Between 2.3 and 3.3 million of the world's forcibly displaced people live with disabilities, one third of them children.

Crisis in Iraq: Displacement

UNHCR and its partners estimate that out of a total population of 26 million, some 1.9 million Iraqis are currently displaced internally and more than 2 million others have fled to nearby countries. While many people were displaced before 2003, increasing numbers of Iraqis are now fleeing escalating sectarian, ethnic and general violence. Since January 2006, UNHCR estimates that more than 800,000 Iraqis have been uprooted and that 40,000 to 50,000 continue to flee their homes every month. UNHCR anticipates there will be approximately 2.3 million internally displaced people within Iraq by the end of 2007. The refugee agency and its partners have provided emergency assistance, shelter and legal aid to displaced Iraqis where security has allowed.

In January 2007, UNHCR launched an initial appeal for US$60 million to fund its Iraq programme. Despite security issues for humanitarian workers inside the country, UNHCR and partners hope to continue helping up to 250,000 of the most vulnerable internally displaced Iraqis and their host communities

Posted on 12 June 2007

Crisis in Iraq: Displacement

Non-Iraqi Refugees in Jordan

After Saddam Hussein's regime was toppled in Iraq in 2003, groups of refugees who had lived in the country for many years tried to leave the chaos and lawlessness that soon ensued. Hundreds of people started fleeing to the border with Jordan, including Palestinians in Baghdad and Iranian Kurds from the Al Tash refugee camp in central Iraq.

Aside from a few Palestinians with family connections inside the neighbouring country, the refugees were refused entry and free movement in Jordan. Thousands were soon stranded in the no-man's land between Iraq and Jordan or at the desert camp of Ruweished, located 60 kilometres inside Jordan.

Since 2003, Palestinians, Iranian Kurds, Iranians, Sudanese and Somalis have been living there and suffering the scorching heat and freezing winters of the Jordanian desert. UNHCR and its partners have provided housing and assistance and tried to find solutions – the agency has helped resettle more than 1,000 people in third countries. At the beginning of 2007, a total of 119 people – mostly Palestinians – remained in Ruweished camp without any immediate solution in sight.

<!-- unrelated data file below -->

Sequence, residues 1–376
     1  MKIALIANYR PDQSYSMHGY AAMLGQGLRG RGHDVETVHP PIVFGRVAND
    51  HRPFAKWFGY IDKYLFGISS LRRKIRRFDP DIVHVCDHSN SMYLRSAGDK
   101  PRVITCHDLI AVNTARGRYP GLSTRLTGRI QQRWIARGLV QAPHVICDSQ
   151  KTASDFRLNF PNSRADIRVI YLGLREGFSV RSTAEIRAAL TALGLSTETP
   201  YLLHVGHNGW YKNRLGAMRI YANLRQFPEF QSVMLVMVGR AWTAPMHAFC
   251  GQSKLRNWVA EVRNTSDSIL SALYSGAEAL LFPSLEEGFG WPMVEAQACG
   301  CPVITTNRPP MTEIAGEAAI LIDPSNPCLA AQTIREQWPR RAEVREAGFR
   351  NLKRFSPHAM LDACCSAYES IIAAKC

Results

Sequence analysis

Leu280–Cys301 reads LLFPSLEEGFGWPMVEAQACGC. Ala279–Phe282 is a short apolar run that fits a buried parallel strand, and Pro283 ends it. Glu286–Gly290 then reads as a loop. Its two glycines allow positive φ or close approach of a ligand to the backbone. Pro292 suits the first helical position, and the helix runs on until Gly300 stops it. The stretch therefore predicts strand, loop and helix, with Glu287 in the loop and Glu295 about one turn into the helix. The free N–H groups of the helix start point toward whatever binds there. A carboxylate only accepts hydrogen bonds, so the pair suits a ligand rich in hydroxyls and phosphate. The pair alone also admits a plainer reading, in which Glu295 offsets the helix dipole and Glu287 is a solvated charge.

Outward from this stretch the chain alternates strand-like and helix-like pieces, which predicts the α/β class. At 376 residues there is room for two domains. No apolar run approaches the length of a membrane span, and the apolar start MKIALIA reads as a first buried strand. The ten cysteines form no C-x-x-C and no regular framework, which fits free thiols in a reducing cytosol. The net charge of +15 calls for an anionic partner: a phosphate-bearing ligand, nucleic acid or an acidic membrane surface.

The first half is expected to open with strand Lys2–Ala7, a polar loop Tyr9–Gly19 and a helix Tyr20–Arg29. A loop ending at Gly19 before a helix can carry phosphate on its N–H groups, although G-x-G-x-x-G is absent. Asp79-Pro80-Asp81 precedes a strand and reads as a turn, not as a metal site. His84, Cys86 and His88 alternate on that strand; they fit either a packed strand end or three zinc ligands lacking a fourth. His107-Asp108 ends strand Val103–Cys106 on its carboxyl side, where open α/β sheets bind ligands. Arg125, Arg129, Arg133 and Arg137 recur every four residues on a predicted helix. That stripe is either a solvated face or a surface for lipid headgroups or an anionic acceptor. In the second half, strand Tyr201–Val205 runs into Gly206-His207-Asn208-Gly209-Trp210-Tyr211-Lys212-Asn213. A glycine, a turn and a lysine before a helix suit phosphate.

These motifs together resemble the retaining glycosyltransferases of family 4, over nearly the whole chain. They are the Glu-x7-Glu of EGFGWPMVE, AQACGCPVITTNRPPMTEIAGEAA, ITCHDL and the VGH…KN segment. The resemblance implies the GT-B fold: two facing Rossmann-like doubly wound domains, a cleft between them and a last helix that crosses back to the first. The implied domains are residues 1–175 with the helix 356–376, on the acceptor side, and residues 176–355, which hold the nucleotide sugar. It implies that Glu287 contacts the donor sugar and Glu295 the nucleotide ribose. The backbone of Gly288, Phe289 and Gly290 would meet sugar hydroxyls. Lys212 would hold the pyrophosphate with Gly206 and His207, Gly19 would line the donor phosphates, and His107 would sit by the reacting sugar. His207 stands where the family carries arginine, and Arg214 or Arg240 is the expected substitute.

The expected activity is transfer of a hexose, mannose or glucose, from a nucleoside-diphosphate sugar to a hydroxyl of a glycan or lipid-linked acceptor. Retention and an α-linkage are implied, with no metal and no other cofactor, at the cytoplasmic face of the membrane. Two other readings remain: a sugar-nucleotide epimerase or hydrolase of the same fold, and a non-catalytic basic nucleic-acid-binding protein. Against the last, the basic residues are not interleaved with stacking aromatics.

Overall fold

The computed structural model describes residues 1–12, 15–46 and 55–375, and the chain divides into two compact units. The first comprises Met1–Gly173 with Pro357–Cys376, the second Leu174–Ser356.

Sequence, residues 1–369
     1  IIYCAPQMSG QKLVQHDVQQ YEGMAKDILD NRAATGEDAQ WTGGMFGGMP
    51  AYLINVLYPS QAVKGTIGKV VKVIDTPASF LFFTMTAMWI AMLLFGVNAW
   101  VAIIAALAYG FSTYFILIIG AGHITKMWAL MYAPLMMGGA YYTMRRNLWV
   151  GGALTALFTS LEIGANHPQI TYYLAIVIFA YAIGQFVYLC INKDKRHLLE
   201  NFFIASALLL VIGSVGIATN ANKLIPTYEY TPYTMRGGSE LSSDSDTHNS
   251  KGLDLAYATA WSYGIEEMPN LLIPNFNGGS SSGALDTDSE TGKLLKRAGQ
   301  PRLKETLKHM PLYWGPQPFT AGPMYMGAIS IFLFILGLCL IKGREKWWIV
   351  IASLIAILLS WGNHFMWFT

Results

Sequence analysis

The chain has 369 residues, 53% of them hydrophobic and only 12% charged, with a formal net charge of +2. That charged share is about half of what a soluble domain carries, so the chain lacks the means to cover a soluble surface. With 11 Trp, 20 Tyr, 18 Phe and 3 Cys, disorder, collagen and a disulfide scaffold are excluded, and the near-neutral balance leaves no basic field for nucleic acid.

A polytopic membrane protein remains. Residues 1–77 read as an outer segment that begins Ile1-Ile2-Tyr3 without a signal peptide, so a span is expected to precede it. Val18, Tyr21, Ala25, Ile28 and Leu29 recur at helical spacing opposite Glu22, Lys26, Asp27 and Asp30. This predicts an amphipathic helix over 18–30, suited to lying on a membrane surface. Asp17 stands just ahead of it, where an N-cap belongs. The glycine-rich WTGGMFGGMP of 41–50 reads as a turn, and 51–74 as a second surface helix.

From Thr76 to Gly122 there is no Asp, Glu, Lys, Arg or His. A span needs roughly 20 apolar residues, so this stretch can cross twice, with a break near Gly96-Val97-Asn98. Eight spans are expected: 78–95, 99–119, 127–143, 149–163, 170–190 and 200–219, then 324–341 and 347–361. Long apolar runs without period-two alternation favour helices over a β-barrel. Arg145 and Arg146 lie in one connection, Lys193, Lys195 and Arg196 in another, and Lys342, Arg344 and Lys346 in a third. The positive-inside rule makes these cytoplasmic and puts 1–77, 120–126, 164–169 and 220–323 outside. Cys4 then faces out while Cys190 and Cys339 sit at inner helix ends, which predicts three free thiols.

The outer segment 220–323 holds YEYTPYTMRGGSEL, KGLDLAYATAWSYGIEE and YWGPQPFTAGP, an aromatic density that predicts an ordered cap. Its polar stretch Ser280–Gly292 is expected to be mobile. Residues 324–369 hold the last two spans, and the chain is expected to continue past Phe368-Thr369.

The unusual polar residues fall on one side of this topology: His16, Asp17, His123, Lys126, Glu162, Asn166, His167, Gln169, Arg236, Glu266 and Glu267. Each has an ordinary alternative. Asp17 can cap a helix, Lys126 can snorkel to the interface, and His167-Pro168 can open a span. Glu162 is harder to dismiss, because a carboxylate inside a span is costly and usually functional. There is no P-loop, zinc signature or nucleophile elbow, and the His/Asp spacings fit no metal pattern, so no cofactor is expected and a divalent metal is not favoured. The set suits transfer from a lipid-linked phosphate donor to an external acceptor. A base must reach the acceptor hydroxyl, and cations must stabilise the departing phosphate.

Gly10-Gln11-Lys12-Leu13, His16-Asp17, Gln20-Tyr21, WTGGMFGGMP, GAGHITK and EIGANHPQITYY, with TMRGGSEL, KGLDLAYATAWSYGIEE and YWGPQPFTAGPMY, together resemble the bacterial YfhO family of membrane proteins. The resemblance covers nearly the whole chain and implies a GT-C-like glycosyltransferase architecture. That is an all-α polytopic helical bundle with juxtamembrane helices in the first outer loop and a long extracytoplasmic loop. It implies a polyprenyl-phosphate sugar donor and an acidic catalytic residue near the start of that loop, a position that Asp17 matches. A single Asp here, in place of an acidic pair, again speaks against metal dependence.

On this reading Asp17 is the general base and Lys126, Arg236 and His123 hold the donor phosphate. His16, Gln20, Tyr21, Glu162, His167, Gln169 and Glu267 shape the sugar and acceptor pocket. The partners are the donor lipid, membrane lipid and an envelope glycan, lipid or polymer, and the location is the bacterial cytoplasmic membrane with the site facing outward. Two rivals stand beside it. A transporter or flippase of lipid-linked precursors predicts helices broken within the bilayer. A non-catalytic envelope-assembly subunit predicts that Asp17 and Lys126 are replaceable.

Posted on 20 February 2007

Non-Iraqi Refugees in Jordan

Iraqi Refugees in Jordan

The UN refugee agency has launched a US$60 million appeal to fund its work helping hundreds of thousands of Iraqi refugees and internally displaced people. The new appeal concludes that unremitting violence in Iraq will likely mean continued mass internal and external displacement affecting much of the surrounding region. The appeal notes that the current exodus is the largest long-term population movement in the Middle East since the displacement of Palestinians following the creation of Israel in 1948.

UNHCR has warned that the longer this conflict goes on, the more difficult it will become for the hundreds of thousands of displaced and the communities that are trying to help them – both inside and outside Iraq. Because the burden on host communities and governments in the region is enormous, it is essential that the international community support humanitarian efforts.

The US$60 million will cover UNHCR's protection and assistance programmes for Iraqi refugees in Syria, Jordan, Lebanon, Egypt and Turkey, as well as non-Iraqi refugees and internally displaced people within Iraq itself.

Posted on 10 January 2007

Iraqi Refugees in Jordan

Jordan: Mohammad's Struggle for SurvivalPlay video

Jordan: Mohammad's Struggle for Survival

Meet Mohammad, a Syrian refugee in Jordan who, without the legal right to work, struggles to support his family and ensure his children's future.
Responding to Syria's Tragedy Play video

Responding to Syria's Tragedy

As Syria's war heads towards a fifth year, the United Nations and partners today launched a major new humanitarian and development appeal, requesting over US$8.4 billion in funds to help nearly 18 million people in Syria and across the region in 2015
Iraq: The Plight of the YazidisPlay video

Iraq: The Plight of the Yazidis

Tens of thousands of people, including ethnic Yazidis originating from the Sinjar area, have been forced to find shelter in schools and unfinished structures across northern Iraq since fleeing their homes. The UN refugee agency has been trying to help, opening camps to provide better shelter.